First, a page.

The cavity design for adhesive materials is essentially a simple concave shape, as the materials can be bonded. Other material types, such as hydraulic calcium silicate cements (HCSCs) and zinc oxide‐eugenol (ZOE), require a deeper retentive cavity. The use of high magnification in the preparation of shallow and concave root‐end cavities for bonded resin‐based root‐end filling materials, as compared with endodontic microsurgery with the use of high‐magnification, ultrasonic root‐end preparation, and root‐end filling with Super EBA, intermediate restorative material (IRM), and HCSC, has been reviewed [5]. The root‐end cavities prepared for ZOE and HCSC had a higher probability of success compared with shallow cavity preparation and placement of a resin‐based material.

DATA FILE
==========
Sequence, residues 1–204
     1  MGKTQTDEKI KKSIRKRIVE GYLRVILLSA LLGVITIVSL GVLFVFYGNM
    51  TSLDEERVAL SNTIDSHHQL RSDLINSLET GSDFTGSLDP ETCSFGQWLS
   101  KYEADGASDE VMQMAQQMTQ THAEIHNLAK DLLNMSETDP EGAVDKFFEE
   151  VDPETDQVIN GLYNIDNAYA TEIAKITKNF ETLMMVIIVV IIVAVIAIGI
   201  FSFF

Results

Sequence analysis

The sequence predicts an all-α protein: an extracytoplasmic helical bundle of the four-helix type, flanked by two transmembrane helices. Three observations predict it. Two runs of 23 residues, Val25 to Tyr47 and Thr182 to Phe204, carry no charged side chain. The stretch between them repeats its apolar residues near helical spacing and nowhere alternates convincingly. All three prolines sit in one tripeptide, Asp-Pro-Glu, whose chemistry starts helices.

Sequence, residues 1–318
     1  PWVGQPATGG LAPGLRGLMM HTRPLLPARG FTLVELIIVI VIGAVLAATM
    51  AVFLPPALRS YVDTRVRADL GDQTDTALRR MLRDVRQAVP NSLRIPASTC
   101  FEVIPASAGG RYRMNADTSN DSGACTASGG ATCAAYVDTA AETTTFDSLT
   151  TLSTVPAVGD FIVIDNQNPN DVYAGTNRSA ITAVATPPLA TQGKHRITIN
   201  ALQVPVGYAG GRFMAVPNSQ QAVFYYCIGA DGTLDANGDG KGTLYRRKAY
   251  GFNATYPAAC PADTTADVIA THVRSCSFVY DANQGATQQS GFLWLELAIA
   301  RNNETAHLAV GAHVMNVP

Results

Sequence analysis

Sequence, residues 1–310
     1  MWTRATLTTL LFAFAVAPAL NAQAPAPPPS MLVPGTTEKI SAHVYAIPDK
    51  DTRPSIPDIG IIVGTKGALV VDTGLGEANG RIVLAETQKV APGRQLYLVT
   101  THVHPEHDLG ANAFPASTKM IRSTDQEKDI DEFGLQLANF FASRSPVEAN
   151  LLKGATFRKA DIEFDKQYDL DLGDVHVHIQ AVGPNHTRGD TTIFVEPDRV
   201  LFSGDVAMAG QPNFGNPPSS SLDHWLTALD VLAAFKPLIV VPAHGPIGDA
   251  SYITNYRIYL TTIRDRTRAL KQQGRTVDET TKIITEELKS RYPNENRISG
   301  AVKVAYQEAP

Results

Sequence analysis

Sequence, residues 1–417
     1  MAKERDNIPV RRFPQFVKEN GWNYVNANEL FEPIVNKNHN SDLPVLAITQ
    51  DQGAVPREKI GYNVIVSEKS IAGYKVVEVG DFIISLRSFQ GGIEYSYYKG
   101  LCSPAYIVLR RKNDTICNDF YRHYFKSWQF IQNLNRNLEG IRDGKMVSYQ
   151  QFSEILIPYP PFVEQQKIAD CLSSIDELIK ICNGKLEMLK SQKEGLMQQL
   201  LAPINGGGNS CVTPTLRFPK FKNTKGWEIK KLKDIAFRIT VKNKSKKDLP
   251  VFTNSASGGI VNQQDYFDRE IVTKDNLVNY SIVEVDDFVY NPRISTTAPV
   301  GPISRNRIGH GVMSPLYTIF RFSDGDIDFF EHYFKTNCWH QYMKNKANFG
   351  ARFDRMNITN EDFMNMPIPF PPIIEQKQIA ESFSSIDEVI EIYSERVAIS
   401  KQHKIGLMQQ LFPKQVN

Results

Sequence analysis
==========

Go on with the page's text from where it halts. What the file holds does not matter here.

Photos depict clinical case showing the procedure for root perforation repair. (a) Preoperative periapical view, showing a mesial mid-root perforation by a metal post, part of a crown used as a bridge abutment on tooth 25, and a pier abutment for a four-unit bridge replacing tooth 26. (b) Postoperative radiograph. (c) Recall radiograph taken two years later, showing complete healing and bone formation in the defect. (d) Clinical photograph of the site. (e) Flap design showing a sulcular flap with a mesial relieving incision. (f) Flap raised and surgical site exposed. (g) Exposed root surface showing perforation. (h) After repair. (i) Flap repositioned and sutured.